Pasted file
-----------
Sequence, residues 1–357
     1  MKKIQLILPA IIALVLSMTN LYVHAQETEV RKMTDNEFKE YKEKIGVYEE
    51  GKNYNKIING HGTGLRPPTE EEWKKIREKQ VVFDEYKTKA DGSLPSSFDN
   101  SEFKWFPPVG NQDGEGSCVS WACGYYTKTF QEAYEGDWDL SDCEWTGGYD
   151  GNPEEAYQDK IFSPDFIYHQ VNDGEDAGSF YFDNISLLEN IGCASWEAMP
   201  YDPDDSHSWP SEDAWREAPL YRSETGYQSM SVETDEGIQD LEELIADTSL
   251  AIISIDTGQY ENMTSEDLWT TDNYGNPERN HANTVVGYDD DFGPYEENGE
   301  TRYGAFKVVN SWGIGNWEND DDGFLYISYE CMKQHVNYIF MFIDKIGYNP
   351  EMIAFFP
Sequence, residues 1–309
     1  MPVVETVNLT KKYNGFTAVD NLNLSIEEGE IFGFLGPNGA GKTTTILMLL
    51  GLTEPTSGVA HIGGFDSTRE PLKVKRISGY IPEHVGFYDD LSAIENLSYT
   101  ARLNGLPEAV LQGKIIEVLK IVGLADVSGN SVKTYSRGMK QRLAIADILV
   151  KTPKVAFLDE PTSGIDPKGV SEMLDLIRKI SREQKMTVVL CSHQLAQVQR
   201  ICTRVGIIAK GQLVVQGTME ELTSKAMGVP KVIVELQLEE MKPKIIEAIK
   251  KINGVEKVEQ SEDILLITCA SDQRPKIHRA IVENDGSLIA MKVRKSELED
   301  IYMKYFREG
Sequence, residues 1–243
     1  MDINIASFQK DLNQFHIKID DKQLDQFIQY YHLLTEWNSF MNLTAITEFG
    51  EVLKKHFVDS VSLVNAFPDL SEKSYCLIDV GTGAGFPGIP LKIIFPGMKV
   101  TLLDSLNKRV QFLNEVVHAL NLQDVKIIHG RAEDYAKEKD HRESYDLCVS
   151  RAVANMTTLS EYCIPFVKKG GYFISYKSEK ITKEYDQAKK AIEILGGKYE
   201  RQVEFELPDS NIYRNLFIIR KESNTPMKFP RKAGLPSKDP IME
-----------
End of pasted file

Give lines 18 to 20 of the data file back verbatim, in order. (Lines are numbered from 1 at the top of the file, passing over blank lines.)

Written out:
Sequence, residues 1–243
     1  MDINIASFQK DLNQFHIKID DKQLDQFIQY YHLLTEWNSF MNLTAITEFG
    51  EVLKKHFVDS VSLVNAFPDL SEKSYCLIDV GTGAGFPGIP LKIIFPGMKV